Question: what is the motivation behind Pol2 chip-seq data?
gravatar for Affan
5.9 years ago by
Affan290 wrote:

I am reading a few papers on histone modifications where the data comes from chip-seq experiments. But  most if not all of the papers also get data on RNA polymerase 2.

I see why we chip-seq histone modifications. It gives us the positions of these modifications within the genome and based on gene annotation, we can see if these modifications exist near expressed or inhibited genes.

However, RNA polymerase 2 is just a protein that transcribes genes. Why do we care about where it is (ie, where it is bound) at the moment chip-seq is run?


chip-seq sequence • 6.1k views
ADD COMMENTlink modified 5.9 years ago by mikhail.shugay3.4k • written 5.9 years ago by Affan290

Could it be that RNA Polymerase binds to TSS and knowing the TSS can be helpful? Genuine loud thinking because I'm bad at biology.

ADD REPLYlink written 5.9 years ago by _r_am32k
gravatar for bede.portz
5.9 years ago by
United States
bede.portz490 wrote:

You write: However, RNA polymerase 2 is just a protein that transcribes genes. Why do we care about where it is (ie, where it is bound) at the moment chip-seq is run?

The very point of histone modifications, transcription factor binding, the binding of pausing, elongation, and termination factors, etc is to regulate gene expression, and Pol II is the very machine responsible for protein coding gene expression in eukaryotes. Those studies linking the role of some histone modification, nucleosome position, factor binding, chromatin state, etc. to transcription would be better served including an analysis of the location of Pol II, and depending on aspects of the way the experiment was conducted, such knowledge may actually be better than an expression array or RNA-seq data.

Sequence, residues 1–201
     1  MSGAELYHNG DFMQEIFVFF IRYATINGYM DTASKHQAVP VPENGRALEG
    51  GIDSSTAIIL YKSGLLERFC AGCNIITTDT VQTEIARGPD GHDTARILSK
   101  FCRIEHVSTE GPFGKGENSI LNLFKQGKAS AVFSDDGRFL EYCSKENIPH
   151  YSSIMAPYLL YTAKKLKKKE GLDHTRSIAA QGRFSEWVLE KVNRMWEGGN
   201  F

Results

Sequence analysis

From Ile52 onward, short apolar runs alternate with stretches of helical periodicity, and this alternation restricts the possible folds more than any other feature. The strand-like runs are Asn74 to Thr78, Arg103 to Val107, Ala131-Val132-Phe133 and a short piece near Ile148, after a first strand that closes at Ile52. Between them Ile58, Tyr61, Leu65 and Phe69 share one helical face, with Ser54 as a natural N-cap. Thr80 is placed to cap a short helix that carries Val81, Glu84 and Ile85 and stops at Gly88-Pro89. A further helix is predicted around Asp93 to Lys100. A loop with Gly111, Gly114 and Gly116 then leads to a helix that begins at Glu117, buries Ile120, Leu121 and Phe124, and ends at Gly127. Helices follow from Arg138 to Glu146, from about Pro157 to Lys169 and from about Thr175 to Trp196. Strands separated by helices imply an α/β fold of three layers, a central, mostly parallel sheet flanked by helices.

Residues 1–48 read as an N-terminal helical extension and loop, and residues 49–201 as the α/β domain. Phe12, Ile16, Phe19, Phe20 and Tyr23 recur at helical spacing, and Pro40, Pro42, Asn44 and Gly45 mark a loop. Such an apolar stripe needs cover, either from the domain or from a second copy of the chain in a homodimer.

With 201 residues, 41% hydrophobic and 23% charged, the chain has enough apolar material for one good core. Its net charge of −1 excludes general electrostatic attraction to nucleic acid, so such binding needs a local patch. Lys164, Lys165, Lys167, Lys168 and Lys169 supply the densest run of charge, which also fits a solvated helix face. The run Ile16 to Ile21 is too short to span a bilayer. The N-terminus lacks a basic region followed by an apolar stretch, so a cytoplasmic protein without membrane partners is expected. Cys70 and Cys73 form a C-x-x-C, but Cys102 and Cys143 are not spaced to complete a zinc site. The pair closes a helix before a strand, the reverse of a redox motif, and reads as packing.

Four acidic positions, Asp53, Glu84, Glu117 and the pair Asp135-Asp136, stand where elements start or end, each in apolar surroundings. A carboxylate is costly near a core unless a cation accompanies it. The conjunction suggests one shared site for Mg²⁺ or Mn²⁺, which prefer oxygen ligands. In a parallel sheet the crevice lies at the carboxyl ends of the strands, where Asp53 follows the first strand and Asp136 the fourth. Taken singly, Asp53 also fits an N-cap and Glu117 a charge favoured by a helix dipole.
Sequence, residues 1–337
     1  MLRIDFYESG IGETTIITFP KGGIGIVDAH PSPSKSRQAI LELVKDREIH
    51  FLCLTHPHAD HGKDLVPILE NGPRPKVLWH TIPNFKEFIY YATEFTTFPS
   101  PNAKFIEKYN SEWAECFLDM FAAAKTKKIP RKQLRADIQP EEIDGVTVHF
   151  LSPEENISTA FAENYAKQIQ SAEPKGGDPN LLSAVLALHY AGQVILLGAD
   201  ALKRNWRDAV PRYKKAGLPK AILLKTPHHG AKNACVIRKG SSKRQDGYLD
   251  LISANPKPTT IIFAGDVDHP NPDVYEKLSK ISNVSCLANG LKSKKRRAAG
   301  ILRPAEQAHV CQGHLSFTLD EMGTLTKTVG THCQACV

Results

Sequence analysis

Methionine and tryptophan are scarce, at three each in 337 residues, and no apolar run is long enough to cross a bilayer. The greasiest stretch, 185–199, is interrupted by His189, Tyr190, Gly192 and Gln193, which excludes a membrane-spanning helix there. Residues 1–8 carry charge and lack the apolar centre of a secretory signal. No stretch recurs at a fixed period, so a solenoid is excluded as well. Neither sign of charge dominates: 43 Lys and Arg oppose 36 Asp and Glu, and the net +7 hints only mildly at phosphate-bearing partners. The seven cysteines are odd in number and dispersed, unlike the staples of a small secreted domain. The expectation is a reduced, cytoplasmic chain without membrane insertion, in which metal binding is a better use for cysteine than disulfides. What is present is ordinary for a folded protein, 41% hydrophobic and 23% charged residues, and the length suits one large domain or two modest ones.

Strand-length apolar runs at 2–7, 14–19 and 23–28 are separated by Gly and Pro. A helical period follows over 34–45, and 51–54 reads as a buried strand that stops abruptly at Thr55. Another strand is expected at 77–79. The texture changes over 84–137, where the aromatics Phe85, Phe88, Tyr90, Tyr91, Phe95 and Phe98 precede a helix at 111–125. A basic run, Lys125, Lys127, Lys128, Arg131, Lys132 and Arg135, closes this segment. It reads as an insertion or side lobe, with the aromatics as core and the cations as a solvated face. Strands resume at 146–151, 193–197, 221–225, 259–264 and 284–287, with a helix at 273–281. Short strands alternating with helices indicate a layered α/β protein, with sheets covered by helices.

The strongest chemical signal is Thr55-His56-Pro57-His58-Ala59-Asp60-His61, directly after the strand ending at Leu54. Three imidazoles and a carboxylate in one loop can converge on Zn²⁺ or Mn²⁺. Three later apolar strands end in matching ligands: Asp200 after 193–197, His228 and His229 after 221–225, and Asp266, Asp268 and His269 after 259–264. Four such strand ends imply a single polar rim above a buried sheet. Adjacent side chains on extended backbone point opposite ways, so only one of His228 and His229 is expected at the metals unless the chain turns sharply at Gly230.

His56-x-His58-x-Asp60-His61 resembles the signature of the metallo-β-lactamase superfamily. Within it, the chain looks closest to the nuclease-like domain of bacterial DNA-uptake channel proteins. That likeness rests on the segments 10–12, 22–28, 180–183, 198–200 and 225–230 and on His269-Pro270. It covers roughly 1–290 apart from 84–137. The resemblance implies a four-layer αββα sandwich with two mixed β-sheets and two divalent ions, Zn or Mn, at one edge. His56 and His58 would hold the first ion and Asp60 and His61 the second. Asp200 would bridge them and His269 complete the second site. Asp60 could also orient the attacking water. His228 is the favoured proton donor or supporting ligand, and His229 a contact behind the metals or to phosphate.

Further, Pol II is not, "just a protein that transcribes genes," but rather it is arguably THE regulatory nexus for development/stimulus-response networks/homeostatis or whatever. Think about it; pol II is at once the terminal receiver of any signalling event regulating protein coding gene expression AND the initial step in the response to said event. It is very literally the inflection point between stimulus and response! This protein is itself highly modified in order to coordinately regulate every step of the transcription cycle (initiation, pausing, elongation, termination, recycling of the polymerase for subsequent transcription) via myriad post-translational modifications that we have only begun to understand. Pol II recruits factors to itself involved with all the aforementioned steps as well as RNA processing and histone modication. It is far more the supervisor of a factory  than it is "just a protein that transcribes genes." 

In higher eukaryotes Pol II is regulated post initiation, via promoter proximal pausing, and the position of Pol II at promoters relative to gene bodies is revealing in ways that are difficult if not impossible to appreciate using data derived from RNA-seq/microarray or nascent transcript sequencing which fail to accurately juxtapose promoter vs gene body Pol II levels in ways that reflect biology.